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I have two strings:

string one = "13/02/09";
string two = "2:35:10 PM";

I want to combine these two together and convert to a DateTime.

I tried the following but it doesn't work:

DateTime dt = Convert.ToDateTime(one + " " + two);
DateTime dt1 = DateTime.ParseExact(one + " " + two, "dd/MM/yy HH:mm:ss tt", CultureInfo.InvariantCulture);

What can I do to make this work?

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what exception is thrown ? – tschmit007 Feb 18 '13 at 9:41
Consider parsing the date and times to DateTime objects separately and combine the components. Parsing the concatenated strings could lead to problems if you're not too careful. – Jeff Mercado Feb 18 '13 at 10:20
up vote 4 down vote accepted

Try like this;

string one = "13/02/09";
string two = "2:35:10 PM";

DateTime dt = Convert.ToDateTime(one + " " + two);
DateTime dt1 = DateTime.ParseExact(one + " " + two, "dd/MM/yy h:mm:ss tt", CultureInfo.InvariantCulture);


Here is a DEMO.

HH using a 24-hour clock from 00 to 23. For example; 1:45:30 AM -> 01 and 1:45:30 PM -> 13

h using a 12-hour clock from 1 to 12. For example; 1:45:30 AM -> 1 and 1:45:30 PM -> 1

Check out for more information Custom Date and Time Format Strings

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Your issue is with your hour specifier; you want h (The hour, using a 12-hour clock from 1 to 12), not HH (The hour, using a 24-hour clock from 00 to 23).

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Try using a culture info which matches the DateTime format for your string values:

DateTime dt = Convert.ToDateTime(one + " " + two,

or modify the input string so that the hour has 2 digits:

string one = "13/02/09";
string two = "02:35:10 PM";
DateTime dt1 = DateTime.ParseExact(one + " " + two, 
    "dd/MM/yy HH:mm:ss tt",
share|improve this answer
It still throws an exception. – Matthew Watson Feb 18 '13 at 9:35
@MatthewWatson, are you sure? Have you actually tested it? – Alex Filipovici Feb 18 '13 at 9:39
Sorry, my mistake! I did try it, but I must have pasted the wrong code! Have a +1 ;) – Matthew Watson Feb 18 '13 at 9:41

The problem is that the format string that you specify is not correct.

'HH' means a dwo-digit hour, but you have a single digit hour.

Use 'h' instead.

So the full format is 'dd/MM/yy h:mm:ss tt'

share|improve this answer
When you specify the exact format string, and there's no text in it (e.g. day names), the culture provided doesn't have much effect - I'm not sure it has any effect here. – Rawling Feb 18 '13 at 9:35
Good point. Thanks! I corrected the answer. – Petar Ivanov Feb 18 '13 at 9:42

use DateTime.Parse () to parse the date and the time separately. Then add the time component of the second one to the first one, like this

var date = DateTime.Parse (one);
var time = DateTime.Parse (two);
var result = date + time - time.Date;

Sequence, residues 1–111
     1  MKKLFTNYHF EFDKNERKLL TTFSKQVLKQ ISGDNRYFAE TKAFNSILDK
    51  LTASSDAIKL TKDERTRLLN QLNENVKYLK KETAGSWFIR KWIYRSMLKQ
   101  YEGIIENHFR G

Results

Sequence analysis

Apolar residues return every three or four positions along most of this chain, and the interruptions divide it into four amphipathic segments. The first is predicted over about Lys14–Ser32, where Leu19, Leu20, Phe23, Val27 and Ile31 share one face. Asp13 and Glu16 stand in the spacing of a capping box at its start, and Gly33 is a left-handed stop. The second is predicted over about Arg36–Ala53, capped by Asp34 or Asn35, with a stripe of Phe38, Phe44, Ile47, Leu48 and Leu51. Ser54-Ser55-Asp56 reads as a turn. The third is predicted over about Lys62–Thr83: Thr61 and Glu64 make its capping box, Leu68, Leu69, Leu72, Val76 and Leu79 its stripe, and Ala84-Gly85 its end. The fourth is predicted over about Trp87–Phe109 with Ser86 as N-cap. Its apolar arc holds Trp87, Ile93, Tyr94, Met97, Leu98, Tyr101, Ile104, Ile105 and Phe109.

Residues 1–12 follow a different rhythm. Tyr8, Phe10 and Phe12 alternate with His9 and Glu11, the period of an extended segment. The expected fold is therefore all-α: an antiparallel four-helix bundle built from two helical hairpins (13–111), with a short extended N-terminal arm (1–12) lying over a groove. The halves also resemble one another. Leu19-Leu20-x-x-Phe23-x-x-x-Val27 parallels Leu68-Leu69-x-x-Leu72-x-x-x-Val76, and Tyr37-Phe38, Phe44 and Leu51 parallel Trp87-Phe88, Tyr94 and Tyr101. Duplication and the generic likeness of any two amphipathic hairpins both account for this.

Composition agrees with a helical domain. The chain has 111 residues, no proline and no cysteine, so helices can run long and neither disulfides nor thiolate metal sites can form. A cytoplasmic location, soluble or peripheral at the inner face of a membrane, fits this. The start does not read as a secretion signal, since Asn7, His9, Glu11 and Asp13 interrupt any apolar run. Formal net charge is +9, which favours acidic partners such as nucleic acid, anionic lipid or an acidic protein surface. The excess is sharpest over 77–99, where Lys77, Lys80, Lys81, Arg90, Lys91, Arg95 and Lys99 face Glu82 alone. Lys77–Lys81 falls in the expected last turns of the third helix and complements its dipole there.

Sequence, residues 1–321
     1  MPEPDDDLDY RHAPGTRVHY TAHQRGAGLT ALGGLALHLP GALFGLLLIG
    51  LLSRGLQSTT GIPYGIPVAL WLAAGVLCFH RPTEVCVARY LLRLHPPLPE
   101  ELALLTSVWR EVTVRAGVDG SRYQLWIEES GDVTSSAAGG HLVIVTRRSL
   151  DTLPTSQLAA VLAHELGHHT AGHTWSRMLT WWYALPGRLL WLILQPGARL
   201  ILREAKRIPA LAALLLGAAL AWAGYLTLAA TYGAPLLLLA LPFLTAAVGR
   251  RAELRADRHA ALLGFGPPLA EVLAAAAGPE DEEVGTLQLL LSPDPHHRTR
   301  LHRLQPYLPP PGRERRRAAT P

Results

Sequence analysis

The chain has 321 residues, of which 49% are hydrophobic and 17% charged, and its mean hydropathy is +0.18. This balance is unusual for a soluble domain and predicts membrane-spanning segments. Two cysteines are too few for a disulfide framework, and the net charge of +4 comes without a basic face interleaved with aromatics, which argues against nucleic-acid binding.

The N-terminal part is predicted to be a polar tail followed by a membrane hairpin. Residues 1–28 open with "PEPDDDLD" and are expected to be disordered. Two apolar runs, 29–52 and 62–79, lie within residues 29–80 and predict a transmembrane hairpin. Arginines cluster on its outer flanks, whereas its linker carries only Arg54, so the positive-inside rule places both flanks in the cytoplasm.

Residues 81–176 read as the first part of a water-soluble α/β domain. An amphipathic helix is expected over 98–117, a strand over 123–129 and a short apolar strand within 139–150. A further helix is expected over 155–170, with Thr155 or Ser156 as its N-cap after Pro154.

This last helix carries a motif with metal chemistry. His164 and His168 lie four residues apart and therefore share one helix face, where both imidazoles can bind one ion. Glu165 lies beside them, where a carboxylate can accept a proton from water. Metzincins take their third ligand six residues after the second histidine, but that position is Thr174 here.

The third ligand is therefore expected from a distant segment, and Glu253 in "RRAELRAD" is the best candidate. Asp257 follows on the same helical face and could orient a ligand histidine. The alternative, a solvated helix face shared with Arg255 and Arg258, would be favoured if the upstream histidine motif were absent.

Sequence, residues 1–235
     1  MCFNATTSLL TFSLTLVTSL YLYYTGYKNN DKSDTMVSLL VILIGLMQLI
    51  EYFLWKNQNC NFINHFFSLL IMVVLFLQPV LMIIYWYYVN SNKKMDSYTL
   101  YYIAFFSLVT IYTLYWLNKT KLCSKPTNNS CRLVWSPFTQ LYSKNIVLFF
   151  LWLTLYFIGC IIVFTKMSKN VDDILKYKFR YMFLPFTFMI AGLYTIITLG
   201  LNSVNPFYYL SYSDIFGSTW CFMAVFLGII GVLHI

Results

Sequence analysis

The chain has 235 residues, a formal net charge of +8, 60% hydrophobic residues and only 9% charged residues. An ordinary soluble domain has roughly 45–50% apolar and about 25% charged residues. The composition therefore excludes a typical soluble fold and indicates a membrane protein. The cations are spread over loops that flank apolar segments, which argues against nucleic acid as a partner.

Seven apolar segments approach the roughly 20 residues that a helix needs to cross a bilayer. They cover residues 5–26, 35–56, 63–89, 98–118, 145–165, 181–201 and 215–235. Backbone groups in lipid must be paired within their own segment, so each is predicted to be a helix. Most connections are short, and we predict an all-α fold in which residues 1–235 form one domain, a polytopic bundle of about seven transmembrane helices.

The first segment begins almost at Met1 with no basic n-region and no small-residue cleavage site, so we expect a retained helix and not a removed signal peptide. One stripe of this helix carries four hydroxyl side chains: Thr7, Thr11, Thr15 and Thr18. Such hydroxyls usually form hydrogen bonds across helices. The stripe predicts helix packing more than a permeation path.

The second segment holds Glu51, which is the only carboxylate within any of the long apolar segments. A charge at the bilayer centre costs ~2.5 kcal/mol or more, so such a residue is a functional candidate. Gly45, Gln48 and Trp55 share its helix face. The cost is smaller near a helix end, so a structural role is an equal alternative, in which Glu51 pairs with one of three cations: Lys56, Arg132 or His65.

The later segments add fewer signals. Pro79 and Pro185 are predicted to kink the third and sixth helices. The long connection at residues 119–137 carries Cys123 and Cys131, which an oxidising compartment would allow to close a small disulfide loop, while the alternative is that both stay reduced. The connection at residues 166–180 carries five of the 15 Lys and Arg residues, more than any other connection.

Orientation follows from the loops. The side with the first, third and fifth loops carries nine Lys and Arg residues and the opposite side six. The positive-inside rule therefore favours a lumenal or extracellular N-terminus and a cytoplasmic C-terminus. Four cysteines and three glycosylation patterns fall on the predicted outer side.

share|improve this answer
not working geting error : Operator '+' cannot be applied to operands of type 'System.DateTime' and 'System.DateTime' – MSTdev May 4 '14 at 8:41

The following code will do what you want. I used the UK culture to take care of the d/m/y structure of your date:

        string string1 = "13/2/09";
        string string2 = "2:35:10 PM";
        DateTime combined = DateTime.Parse(string1 + ' ' + string2, new CultureInfo("UK"));
share|improve this answer

Use string two = "02:35:10 PM"; instead of string two = "2:35:10 PM"; and also hh instead of HH due to AM/PM format.

Below is the code:

string one = "13/02/09";
string two = "02:35:10 PM";

DateTime dateTime = DateTime.ParseExact(one + " " + two, "dd/MM/yy hh:mm:ss tt", CultureInfo.InvariantCulture);
share|improve this answer
I checked it and it works. Just copy and paste the code. – Ryszard Dżegan Feb 18 '13 at 9:40
This requires OP to have control over his inputs, which may not be the case. Why require him to change the inputs when it's possible to fix this by changing the format string properly? – Rawling Feb 18 '13 at 9:42
I have deleted it, and indeed I have upvoted your answer! (I had some finger trouble where I was replying to a different answer than the one I intended to, I think because my internet connection went a bit weird for a bit. Sorry about the confusion.) – Matthew Watson Feb 18 '13 at 9:47
@Rawling: If he is given by values with various length without 0 in front of them and he is not able to fix this input format, then he can try to find another solution. This one is not a panaceum for all cases. – Ryszard Dżegan Feb 18 '13 at 9:50
@yBee No, if he is given values of various length without 0 in front of them, he can use the correct format specifier h - rather than replacing one incorrect specifier, HH, with another one, hh. – Rawling Feb 18 '13 at 9:53

Convert.ToDateTime uses DateTime.ParseExact with your current thread's culture, so you can make things a bit clearer by simply doing:

string date = "13/02/09";
string time = "2:35:10 PM";
DateTime dateTime = DateTime.Parse(date +" "+ time, new CultureInfo("en-GB"));
Console.WriteLine (dateTime);

That gives the result 13/02/2009 14:35:10, and forces the parse to use the en-GB date time formats. If your Windows installation is en-GB anyway, you don't need the CultureInfo(..) argument.

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